However, actual knowledge can be difficult to prove in slip-and-fall cases. That’s why the law allows for proof through “constructive knowledge.” This means even if the property owner wasn’t actually aware of the slippery floor, it may be asserted that he should have been aware. Establishing constructive knowledge in slip-and-fall cases requires plaintiffs prove one of the following:
- The condition existed for such a length of time that in the course of exercising ordinary care, the business should have known about the condition;
- The condition occurred with regularity, and was therefore foreseeable.
Taking the same example of the restaurant spill, let’s say the server didn’t inform the manager, or perhaps the server didn’t even recognize right away some liquid had sloshed off the tray and onto the floor. If the spill was only on the ground a minute or two before it was cleaned, the plaintiff might have a difficult time proving constructive knowledge. However, if the liquid was on the floor for more than an hour, a stronger case might be made for constructive knowledge, especially given that restaurant managers know that spills are prone to occur in a dining room where food and drinks are routinely served.
Of course, restaurants aren’t the only location of such occurrences. Others have commonly included:
- Grocery stores;
- Parking lots;
- Theme parks;
- Shopping centers;
- Big box retailers;
- Condominium complexes and apartment buildings.
It’s worth noting that prior to the passage of F.S. §768.0755, businesses, which are generally in a better position to immediately investigate a report of a slip-and-fall, routinely took photographs, conducted interviews, and combed records—all seeking information that might reduce or relieve their liability.
However, now that the proof burden more heavily weighs on plaintiffs, there is less of an incentive to thoroughly document incidents of this type. This means it is imperative that persons injured in slip-and-fall accidents seek immediate medical attention and contact a Fort Myers premises liability lawyer with extensive experience in this area of law.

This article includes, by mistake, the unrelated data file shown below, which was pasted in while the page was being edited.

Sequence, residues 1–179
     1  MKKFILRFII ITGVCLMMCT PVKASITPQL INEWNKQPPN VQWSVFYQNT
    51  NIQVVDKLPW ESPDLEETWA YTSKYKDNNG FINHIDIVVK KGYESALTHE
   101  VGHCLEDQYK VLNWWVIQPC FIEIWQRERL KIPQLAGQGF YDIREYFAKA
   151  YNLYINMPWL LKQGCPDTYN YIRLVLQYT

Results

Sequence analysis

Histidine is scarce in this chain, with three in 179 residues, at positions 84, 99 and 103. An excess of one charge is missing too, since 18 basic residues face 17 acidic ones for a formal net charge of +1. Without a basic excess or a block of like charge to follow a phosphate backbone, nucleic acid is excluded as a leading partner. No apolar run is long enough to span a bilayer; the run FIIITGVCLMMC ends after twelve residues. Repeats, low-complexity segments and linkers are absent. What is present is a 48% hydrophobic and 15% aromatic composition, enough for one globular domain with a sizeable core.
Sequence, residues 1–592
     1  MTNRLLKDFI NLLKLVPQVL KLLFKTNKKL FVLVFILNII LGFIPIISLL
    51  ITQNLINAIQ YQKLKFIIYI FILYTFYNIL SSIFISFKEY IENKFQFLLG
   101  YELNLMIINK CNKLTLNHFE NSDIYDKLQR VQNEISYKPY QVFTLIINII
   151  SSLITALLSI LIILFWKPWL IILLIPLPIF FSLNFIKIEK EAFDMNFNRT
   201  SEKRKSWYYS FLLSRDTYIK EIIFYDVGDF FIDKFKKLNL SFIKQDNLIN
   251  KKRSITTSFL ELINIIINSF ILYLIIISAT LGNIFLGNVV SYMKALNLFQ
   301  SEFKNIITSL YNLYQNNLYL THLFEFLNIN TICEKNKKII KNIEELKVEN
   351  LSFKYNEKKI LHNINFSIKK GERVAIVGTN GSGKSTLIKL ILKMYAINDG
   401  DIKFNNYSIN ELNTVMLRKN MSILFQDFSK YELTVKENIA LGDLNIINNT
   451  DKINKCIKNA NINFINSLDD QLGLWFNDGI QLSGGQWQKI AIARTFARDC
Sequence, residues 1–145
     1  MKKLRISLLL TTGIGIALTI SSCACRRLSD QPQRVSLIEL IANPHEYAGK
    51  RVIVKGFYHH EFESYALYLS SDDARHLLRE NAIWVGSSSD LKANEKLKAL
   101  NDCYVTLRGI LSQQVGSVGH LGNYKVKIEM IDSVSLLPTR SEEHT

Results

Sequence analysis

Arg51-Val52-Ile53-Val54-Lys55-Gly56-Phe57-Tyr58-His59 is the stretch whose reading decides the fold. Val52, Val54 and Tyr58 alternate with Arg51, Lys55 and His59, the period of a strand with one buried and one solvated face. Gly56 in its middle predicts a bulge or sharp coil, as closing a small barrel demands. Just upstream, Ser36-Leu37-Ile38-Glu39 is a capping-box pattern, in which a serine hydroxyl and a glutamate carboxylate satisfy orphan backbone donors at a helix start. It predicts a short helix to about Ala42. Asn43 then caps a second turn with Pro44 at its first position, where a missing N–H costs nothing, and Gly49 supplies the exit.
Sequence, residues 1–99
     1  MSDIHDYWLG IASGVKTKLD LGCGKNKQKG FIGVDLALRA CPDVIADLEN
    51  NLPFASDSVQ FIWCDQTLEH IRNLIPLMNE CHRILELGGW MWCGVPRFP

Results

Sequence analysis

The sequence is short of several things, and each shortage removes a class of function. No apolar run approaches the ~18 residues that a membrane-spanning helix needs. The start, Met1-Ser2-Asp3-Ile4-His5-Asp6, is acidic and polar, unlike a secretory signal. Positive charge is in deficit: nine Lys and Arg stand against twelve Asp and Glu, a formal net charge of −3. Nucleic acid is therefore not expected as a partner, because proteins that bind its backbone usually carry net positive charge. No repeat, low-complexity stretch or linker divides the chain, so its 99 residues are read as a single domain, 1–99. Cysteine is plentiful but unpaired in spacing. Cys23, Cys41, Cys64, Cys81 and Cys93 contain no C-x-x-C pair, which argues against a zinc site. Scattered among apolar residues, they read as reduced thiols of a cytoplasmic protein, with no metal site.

In addition to collecting medical records and accident reports, we gather evidence from a myriad of other sources. We determine whether any relevant video recording of the accident might exist. We secure government weather reports (if relevant) and locate prior slip-and-fall reports filed at the same site or against the same company. We may also hire safety standards experts to review the facts and determine whether any applicable building codes or regulations were violated. We also ensure all paperwork and procedures are followed precisely and promptly, to avoid a bar of claim by the statute of limitations.
If you or a loved one has suffered injury on commercial property in Southwest Florida, contact Associates and Bruce L. Scheiner, Attorneys for the Injured, for a free and confidential consultation to discuss your rights. There are no fees or costs unless we win. Offices in Fort Myers, Cape Coral, Naples and Port Charlotte.
Call 800-646-1210 for a Free Consultation